This study investigated the acute effect of maximal cycling sprint against difference resistances on intraocular pressure (IOP) depending on participants’ fitness level.Methods:
In total, 26 physically active collegiate men performed 5 maximal cycling sprints against different resistances in a randomized order, and IOP was measured immediately before and after each sprint. Participants were divided in 2 subgroups (low fit and high fit) according to their maximum power output relative to body weight to assess the influence of fitness level. Two identical testing sessions were performed to assess the repeatability of IOP values.Results:
We found that IOP decreases with the lightest resistance (P<0.01), whereas IOP increases with heavier resistances (P<0.01), and it showed a positive linear tendency (r=0.99). Our results suggest that participants’ fitness level seems to influence IOP responses, with a more stable response in the high-fit group. A strong intersession repeatability of IOP values was observed (intraclass correlation coefficient range, 0.82 to 0.98; coefficients of variations range, 1.76% to 6.23%).Conclusions:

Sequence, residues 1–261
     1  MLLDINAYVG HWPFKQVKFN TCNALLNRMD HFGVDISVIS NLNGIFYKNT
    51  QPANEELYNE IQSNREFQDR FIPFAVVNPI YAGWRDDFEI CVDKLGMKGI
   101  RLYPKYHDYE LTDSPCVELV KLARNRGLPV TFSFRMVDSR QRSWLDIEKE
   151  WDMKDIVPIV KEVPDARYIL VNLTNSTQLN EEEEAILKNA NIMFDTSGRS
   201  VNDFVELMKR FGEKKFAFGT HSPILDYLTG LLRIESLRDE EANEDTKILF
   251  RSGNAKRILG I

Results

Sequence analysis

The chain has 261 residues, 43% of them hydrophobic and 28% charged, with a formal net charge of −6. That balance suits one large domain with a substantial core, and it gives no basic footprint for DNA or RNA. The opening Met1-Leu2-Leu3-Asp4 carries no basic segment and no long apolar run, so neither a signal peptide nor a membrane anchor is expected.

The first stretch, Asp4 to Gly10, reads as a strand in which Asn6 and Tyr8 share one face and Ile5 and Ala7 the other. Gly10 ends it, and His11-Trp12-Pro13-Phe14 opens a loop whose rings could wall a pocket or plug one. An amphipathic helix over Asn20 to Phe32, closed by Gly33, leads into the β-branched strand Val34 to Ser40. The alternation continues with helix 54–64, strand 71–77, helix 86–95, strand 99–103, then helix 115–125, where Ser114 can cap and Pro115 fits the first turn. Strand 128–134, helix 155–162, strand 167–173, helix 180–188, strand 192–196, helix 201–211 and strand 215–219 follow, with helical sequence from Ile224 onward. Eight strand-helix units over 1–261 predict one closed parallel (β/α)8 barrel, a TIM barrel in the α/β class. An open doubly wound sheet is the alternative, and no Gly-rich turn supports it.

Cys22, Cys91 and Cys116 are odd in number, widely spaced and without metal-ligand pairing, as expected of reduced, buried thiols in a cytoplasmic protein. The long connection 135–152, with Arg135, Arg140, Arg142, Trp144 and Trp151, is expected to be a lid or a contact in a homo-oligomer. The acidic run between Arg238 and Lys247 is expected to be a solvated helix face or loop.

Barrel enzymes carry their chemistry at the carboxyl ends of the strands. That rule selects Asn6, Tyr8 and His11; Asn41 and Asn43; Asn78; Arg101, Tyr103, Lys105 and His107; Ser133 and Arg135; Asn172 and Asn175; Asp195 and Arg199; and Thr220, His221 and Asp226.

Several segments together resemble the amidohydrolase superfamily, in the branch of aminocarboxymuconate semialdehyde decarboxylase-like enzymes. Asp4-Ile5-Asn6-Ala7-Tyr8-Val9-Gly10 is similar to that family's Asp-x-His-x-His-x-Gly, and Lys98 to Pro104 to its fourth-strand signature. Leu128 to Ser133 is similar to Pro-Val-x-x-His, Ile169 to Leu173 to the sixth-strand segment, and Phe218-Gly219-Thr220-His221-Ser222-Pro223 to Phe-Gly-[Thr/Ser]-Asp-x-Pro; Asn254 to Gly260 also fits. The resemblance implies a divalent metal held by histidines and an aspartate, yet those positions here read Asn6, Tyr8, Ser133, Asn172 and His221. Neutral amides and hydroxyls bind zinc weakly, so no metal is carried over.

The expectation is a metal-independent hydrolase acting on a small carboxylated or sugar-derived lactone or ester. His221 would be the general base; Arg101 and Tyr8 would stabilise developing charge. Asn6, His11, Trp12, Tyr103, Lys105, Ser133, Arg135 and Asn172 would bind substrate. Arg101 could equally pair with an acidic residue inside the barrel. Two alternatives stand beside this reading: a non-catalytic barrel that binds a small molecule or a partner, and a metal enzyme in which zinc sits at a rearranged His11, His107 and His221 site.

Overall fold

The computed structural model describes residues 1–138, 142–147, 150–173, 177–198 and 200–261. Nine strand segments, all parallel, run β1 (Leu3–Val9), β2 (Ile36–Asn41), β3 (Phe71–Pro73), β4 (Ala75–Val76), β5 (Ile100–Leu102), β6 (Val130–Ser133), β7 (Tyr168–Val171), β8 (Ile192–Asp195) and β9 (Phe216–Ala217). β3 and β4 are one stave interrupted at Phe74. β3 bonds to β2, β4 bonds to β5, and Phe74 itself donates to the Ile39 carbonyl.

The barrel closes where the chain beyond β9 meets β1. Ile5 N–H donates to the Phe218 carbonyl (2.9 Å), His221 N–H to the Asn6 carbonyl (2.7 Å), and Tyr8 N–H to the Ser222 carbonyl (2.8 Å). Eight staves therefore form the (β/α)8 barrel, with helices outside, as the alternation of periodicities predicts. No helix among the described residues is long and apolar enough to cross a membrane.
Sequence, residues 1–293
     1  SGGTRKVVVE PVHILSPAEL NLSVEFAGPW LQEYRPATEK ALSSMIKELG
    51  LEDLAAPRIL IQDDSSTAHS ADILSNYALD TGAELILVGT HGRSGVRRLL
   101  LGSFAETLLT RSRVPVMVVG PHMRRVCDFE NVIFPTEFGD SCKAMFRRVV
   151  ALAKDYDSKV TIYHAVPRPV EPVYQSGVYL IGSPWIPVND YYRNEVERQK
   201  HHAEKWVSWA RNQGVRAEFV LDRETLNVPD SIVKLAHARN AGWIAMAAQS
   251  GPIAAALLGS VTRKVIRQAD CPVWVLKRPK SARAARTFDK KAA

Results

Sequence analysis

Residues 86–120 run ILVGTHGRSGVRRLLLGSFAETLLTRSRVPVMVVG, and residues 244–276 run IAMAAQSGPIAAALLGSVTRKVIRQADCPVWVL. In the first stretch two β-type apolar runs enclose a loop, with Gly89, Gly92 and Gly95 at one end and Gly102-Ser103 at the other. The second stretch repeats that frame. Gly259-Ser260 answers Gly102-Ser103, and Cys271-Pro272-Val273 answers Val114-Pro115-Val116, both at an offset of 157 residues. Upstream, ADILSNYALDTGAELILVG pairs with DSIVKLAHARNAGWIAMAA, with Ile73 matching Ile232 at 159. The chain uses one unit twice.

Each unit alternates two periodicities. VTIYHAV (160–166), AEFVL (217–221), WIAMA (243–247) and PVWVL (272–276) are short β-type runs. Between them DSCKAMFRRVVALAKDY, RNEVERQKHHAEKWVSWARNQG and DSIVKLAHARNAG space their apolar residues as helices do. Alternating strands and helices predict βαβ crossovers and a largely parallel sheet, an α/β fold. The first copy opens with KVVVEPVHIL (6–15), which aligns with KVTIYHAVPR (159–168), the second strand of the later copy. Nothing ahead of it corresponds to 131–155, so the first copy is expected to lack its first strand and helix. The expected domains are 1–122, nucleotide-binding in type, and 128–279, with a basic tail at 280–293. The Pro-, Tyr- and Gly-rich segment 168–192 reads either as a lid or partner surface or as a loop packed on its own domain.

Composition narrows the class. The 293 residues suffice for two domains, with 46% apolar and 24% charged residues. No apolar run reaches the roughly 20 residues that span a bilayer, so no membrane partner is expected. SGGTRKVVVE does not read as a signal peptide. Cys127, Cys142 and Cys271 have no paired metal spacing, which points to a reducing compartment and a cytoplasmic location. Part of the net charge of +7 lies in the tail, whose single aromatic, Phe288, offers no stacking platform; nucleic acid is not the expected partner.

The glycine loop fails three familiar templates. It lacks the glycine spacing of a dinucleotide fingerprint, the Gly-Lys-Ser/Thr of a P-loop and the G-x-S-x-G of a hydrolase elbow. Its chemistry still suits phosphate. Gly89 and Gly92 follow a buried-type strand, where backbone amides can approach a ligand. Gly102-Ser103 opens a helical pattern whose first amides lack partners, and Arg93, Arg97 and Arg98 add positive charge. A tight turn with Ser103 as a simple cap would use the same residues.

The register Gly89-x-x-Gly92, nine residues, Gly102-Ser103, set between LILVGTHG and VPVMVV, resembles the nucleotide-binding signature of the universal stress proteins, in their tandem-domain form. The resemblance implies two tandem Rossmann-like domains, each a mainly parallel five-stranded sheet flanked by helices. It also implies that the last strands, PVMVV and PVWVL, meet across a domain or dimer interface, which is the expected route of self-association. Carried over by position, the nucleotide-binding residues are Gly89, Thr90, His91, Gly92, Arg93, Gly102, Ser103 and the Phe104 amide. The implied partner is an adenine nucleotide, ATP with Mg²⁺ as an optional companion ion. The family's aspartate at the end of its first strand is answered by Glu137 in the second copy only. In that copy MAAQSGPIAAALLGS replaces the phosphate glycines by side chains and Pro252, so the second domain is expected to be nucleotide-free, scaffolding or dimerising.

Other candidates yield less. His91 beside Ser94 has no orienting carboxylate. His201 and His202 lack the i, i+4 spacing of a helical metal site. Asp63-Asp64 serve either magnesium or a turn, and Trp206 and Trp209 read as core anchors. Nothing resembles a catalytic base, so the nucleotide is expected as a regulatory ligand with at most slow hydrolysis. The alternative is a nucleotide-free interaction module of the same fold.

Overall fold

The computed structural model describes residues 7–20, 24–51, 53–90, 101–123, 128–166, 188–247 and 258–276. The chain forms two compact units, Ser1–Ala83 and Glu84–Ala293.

We conclude that (1) IOP is sensitive to cycling resistance in all-out sprints, with a lowering effect on the lightest resistance and an increasing effect with medium and heavy resistances, (2) high fitness level is beneficial to avoid IOP fluctuations during sprints, and (3) these changes are comparable when measured on 2 different days under the same experimental conditions. A progressive involvement in physical activity may be desirable to avoid IOP peaks during highly demanding physical effort. Future studies are needed to clarify the consequences of exercise in glaucoma patients.